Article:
“Unpredictable” is an adjective perpetually affiliated with Pakistan cricket. In the recent past, “transition” is another word that seems to be similarly attached. In sport, the longer you’re dubbed “in transition” the longer you’ve continued to fail.
Pakistan’s ODI side has been in relative “transition” for almost the entirety of the ongoing century. After the 2003 World Cup debacle dismantled the regularly world-beating side of the 1990s, Pakistan have largely been an average ODI side even when the 50-over game was the only limited-overs format.
The 2011 World Cup semifinal and the 2017 Champions Trophy have been the glaring exceptions over the past two decades – barring perhaps the brief period in 2012-13, when Pakistan beat India and South Africa away and won the Asia Cup. In that regard, the year 2019 was no different on the ODI front.
For the third time in the past five World Cups, Pakistan failed to make it to the knockout stages in this year’s edition. Perhaps not as glaring a knockout as the 2007 or 2003 editions, but given the time given to the then management and leadership, failure to make the top four was average at best. This is especially true given the side’s ODI performances leading up to the World Cup included a run of 11 successive defeats in three series losses against England, Australia and South Africa.
The ODI series win against Sri Lanka in September might have stopped that rot, but the ODI side has been the greatest underachiever among all Pakistan teams in recent years. However, this year they were joined by the T20 team as well.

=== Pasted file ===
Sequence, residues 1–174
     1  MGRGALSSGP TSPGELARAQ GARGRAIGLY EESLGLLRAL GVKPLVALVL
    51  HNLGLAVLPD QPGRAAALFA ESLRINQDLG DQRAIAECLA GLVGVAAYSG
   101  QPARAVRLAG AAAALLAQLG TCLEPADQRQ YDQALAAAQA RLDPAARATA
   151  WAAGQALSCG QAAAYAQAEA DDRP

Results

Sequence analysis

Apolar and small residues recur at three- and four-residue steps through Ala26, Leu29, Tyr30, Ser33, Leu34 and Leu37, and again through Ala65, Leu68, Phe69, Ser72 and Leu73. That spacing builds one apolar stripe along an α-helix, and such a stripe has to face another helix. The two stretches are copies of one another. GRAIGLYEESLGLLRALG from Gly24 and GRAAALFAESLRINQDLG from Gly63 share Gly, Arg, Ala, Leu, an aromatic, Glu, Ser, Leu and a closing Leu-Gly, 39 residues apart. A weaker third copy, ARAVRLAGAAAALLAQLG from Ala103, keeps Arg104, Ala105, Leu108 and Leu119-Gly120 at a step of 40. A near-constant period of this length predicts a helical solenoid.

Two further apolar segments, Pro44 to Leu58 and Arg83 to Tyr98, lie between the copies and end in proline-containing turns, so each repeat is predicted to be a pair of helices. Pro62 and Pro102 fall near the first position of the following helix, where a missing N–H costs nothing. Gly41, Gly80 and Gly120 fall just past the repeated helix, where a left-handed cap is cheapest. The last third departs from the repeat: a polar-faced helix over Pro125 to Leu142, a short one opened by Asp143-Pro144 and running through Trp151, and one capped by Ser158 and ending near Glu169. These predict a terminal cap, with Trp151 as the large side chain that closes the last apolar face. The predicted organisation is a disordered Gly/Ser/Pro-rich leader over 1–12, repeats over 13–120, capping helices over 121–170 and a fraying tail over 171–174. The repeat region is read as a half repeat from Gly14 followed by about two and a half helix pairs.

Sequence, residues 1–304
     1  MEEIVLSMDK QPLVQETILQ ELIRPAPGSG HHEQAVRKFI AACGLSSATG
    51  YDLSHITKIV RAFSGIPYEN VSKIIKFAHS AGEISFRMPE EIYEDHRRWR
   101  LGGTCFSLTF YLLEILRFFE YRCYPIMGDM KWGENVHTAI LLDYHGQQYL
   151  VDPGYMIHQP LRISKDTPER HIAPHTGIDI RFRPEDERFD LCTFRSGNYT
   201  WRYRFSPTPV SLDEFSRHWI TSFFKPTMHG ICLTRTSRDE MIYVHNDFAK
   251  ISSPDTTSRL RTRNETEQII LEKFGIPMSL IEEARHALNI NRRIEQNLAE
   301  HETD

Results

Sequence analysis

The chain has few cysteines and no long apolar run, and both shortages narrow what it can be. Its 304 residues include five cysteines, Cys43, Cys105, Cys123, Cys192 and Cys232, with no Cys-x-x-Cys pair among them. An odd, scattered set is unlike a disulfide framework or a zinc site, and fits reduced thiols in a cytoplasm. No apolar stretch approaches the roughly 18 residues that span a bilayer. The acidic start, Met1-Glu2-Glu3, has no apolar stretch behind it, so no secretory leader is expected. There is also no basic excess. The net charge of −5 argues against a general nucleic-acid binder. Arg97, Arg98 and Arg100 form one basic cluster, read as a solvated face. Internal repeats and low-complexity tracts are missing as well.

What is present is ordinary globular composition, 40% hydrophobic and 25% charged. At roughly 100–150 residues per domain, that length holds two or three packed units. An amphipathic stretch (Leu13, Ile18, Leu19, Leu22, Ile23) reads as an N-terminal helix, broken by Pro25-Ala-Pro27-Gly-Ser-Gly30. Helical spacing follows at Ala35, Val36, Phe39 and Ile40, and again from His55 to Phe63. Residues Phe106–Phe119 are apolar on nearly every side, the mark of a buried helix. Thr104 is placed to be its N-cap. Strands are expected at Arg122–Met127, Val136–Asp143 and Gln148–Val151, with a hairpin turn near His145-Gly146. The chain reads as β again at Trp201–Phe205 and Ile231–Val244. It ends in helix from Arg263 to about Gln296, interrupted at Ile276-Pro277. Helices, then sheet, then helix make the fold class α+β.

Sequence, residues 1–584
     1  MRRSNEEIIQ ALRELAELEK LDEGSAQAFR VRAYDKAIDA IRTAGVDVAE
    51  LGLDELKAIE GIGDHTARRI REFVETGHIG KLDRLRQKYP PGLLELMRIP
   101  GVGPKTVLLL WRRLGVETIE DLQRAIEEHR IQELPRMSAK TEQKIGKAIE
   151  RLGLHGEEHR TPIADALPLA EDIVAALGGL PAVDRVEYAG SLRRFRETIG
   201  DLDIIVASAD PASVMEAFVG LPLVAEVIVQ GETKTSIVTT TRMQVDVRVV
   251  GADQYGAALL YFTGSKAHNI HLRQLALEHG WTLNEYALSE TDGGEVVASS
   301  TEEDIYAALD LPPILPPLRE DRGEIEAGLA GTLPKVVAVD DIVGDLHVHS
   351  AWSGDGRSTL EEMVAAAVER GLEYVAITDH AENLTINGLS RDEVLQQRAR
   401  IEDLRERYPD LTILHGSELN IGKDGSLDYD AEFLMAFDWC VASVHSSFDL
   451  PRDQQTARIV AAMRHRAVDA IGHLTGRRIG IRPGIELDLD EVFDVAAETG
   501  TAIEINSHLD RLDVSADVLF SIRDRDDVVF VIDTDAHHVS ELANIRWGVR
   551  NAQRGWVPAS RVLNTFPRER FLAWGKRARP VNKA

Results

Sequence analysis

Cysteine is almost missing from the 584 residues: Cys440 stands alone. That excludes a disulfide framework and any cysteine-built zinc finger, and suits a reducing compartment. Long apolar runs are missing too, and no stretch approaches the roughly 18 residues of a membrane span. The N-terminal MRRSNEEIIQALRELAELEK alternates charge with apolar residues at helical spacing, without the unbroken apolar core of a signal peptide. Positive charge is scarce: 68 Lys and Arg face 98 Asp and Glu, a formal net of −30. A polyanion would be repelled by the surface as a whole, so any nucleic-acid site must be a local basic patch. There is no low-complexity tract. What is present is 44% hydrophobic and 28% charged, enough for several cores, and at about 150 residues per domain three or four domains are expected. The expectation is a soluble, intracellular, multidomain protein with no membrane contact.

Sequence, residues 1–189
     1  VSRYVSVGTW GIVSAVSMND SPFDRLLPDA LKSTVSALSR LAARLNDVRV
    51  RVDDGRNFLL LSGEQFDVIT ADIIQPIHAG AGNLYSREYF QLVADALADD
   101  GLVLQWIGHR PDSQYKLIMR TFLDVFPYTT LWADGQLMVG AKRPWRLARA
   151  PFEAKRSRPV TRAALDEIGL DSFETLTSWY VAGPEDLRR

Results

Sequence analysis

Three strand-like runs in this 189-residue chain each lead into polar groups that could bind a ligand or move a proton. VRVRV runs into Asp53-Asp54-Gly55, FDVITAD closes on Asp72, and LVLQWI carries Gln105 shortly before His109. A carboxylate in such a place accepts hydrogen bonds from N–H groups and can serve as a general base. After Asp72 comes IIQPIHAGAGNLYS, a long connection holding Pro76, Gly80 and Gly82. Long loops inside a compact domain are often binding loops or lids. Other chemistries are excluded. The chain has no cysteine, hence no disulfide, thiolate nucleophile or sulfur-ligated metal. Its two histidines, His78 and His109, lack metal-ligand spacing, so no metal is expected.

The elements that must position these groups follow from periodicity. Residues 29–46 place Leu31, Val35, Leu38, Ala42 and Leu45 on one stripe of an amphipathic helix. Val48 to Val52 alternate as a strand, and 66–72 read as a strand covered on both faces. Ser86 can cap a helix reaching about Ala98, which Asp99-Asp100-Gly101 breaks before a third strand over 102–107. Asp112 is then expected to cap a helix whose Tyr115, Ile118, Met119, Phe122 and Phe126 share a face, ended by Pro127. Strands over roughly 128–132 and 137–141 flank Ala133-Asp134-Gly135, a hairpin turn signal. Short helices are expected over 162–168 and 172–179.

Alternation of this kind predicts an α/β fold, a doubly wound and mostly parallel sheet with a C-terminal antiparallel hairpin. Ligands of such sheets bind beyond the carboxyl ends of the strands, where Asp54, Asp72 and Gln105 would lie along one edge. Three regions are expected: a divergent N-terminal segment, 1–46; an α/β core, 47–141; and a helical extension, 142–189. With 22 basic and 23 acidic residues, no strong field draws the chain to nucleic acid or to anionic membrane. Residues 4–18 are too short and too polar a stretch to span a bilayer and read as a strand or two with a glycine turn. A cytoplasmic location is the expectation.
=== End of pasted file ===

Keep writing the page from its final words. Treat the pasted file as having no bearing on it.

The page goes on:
It would appear a miracle that despite losses against South Africa, England, Sri Lanka and Australia Pakistan are still atop the T20I rankings. However, that is owing to just how dominant the side had been in the format in the preceding two years.
The slump began in South Africa this year, with a three-nil clean sweep against Sri Lanka at home in October being the obvious low. The new management has inherited a struggling side in a format that Pakistan has not just dominated over the past couple of seasons, but one where it has done well historically. However, the year 2019 was an absolute low for Pakistan in T20Is as well.
Test cricket is the one where the word “transition” has been most frequently used over the past couple of years. This is because in the five-day format, the turning points have been the most obvious ones over the past decade.
Following the retirement of the now coach-selector Misbah-ul-Haq and Younis Khan in May 2017, Pakistan have largely fared abysmally in Test cricket. This has included the first ever series defeats for Pakistan in the UAE – against Sri Lanka in 2017 and New Zealand 2018. This year there were the almost expected clean sweeps away to South Africa and Australia for Pakistan.
However, as we discussed over the past couple of weeks, the Karachi Test win has single handedly turned things around for Pakistan cricket not just in Test cricket but overall as well – especially the new embattled management.
The 1-0 series win against Sri Lanka, in the first Test series contested in Pakistan for over a decade, generated the right noise both on and off the ground. Now one hopes that Bangladesh does the right thing, so that Pakistan can get sustained cricket both as a host nation and the Test side.
The year 2019 clearly had more lows than highs for Pakistan, but there is tangible hope going into the 2020s. As cricket returns to Pakistan in the coming decade, so should more stability in the team’s performances.